I've been trying to teach myself Prolog for a few weeks. Right now I'm trying to find all ways to make a large integer from several smaller integers, using a predicate
partition/3 that I want to work like:
| ?- partition(4, [1, 2, 3], X). X = [1, 1, 1, 1] ? ; X = [1, 1, 2] ? ; X = [1, 3] ? ; X = [2, 2] ? ; no
thus finding all ways to make 4 from 1, 2 and 3. Duplicate solutions like [1, 2, 1] and [2, 1, 1] are fine but probably not hard to avoid. Here's what I have right now:
partition(N, _, ) :- N = 0. partition(N, , _) :- fail. partition(N, [IH|IT], [OH|OT]) :- N =< 0, fail; N > IH, M is N-IH, OH = IH, partition(M, [IH|IT], OT). % if the first input IH can be subtracted from N, % do so into M and push IH into the output list [OH|OT] partition(N, [_|IT], Output) :- N =< 0, fail; partition(N, IT, Output). % after trying the first input term, try the others
The idea is that N will eventually become zero, and the subtractions that got it there will be placed in the third argument as a list. The third and fourth rules only operate on positive integers, the second rule says not to run out of inputs, and the first rule signals that the partition is valid when N reaches zero. Problem is, I only get:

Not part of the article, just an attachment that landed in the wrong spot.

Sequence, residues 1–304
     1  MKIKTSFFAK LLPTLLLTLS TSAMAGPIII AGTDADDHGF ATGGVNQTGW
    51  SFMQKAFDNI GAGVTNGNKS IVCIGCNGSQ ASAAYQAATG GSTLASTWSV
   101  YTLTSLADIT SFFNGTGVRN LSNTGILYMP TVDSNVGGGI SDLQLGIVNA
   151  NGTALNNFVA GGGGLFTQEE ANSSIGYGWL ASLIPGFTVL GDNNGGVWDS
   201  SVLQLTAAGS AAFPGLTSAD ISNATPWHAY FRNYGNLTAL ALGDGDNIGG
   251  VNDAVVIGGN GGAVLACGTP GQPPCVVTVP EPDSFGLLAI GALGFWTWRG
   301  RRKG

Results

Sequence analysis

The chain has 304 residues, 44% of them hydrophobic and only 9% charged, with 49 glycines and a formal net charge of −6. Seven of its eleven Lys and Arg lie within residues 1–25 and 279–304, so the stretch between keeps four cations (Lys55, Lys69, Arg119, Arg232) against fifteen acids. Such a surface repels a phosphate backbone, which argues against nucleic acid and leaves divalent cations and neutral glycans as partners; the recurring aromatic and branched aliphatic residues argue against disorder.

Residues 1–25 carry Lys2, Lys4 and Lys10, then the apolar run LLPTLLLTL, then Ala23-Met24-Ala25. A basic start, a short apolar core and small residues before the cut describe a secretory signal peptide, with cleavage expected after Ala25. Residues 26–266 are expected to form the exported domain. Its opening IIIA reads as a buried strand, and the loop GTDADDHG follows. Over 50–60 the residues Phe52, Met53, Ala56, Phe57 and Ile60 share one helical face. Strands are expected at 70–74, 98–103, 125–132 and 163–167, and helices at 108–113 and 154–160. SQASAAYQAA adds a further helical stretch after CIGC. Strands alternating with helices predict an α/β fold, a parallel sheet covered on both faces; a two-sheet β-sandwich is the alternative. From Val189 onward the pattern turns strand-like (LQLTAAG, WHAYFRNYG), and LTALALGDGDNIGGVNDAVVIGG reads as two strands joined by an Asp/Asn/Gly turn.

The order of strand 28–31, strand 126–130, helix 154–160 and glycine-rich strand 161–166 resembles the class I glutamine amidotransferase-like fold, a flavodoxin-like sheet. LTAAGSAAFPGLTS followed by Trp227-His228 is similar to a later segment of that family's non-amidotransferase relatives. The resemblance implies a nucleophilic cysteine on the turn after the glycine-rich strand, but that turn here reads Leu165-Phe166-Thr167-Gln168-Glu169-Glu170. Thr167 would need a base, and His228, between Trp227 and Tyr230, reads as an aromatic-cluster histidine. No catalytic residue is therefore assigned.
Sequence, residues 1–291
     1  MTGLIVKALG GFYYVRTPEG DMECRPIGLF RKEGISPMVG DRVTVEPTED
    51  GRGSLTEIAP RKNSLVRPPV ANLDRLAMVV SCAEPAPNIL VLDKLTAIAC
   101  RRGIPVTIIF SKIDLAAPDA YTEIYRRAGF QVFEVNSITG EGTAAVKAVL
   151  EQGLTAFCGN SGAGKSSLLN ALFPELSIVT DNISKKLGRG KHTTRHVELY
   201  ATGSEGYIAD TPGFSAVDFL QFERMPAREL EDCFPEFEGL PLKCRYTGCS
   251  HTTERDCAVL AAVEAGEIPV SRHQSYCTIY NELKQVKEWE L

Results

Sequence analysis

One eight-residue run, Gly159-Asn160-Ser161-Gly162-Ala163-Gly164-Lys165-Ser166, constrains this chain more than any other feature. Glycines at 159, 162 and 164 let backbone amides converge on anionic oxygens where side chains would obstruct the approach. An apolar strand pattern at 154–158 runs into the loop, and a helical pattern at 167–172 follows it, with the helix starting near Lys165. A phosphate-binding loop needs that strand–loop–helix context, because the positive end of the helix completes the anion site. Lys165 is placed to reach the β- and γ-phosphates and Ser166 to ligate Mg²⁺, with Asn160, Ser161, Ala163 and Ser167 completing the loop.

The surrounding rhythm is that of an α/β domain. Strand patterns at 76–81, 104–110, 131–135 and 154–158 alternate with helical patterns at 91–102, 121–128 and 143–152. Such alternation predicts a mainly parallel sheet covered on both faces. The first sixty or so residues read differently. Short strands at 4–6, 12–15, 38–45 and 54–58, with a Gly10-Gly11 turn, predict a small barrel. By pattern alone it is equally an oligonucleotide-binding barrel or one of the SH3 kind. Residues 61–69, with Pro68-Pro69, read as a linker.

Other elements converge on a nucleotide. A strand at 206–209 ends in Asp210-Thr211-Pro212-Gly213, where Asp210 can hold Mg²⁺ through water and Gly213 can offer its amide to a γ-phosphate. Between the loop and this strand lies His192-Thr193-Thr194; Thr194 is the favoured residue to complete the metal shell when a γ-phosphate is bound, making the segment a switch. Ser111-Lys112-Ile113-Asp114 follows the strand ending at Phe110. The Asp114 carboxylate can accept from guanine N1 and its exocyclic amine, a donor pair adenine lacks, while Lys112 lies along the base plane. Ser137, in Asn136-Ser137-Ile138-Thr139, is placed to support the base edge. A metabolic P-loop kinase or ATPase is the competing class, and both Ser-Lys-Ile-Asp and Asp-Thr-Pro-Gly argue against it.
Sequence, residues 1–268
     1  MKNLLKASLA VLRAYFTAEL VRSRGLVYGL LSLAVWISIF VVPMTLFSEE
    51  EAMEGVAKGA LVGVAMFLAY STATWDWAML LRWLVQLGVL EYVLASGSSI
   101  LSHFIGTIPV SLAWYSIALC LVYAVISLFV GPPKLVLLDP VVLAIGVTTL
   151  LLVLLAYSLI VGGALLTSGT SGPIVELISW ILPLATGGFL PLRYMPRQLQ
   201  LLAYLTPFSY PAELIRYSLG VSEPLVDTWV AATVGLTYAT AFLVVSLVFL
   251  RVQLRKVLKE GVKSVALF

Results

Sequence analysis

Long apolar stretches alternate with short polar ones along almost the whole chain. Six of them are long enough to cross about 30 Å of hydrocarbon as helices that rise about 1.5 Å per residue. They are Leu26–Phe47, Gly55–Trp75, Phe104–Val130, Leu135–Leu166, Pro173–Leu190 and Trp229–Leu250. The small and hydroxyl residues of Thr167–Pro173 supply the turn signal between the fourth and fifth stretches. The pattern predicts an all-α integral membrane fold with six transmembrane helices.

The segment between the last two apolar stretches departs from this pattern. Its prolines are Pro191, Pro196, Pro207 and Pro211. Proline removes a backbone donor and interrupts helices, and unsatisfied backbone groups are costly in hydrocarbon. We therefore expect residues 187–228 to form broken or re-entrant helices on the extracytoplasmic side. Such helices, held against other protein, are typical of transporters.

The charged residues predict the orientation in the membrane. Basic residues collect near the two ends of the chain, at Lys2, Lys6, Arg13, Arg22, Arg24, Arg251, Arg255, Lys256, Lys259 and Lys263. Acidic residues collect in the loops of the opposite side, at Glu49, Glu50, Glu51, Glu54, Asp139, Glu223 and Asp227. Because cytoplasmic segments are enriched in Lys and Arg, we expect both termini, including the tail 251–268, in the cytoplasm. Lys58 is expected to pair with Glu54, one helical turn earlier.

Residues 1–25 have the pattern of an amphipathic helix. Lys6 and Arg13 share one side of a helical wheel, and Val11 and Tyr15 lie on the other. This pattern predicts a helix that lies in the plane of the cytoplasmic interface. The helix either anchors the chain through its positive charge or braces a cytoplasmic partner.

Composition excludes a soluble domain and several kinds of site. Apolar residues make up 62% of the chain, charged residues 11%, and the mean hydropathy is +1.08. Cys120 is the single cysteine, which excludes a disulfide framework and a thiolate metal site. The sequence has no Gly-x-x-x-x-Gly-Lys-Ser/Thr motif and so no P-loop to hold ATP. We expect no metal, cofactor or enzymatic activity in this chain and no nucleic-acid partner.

| ?- partition(4, [1, 2, 3], X). no
The first and second rules make sense to me, the third and fourth seem iffy but I can't find anything specifically wrong with them. I thought that the output tail
OT might not get instantiated when M becomes zero, but the first rule takes care of that. Or is there some fundamental misunderstanding of how Prolog works (which seems likely to happen often for me)?
Also, are the
N =< 0, fail; parts redundant? They seem redundant but I can't be sure until I get something that works.
Edit: I'm using GNU Prolog.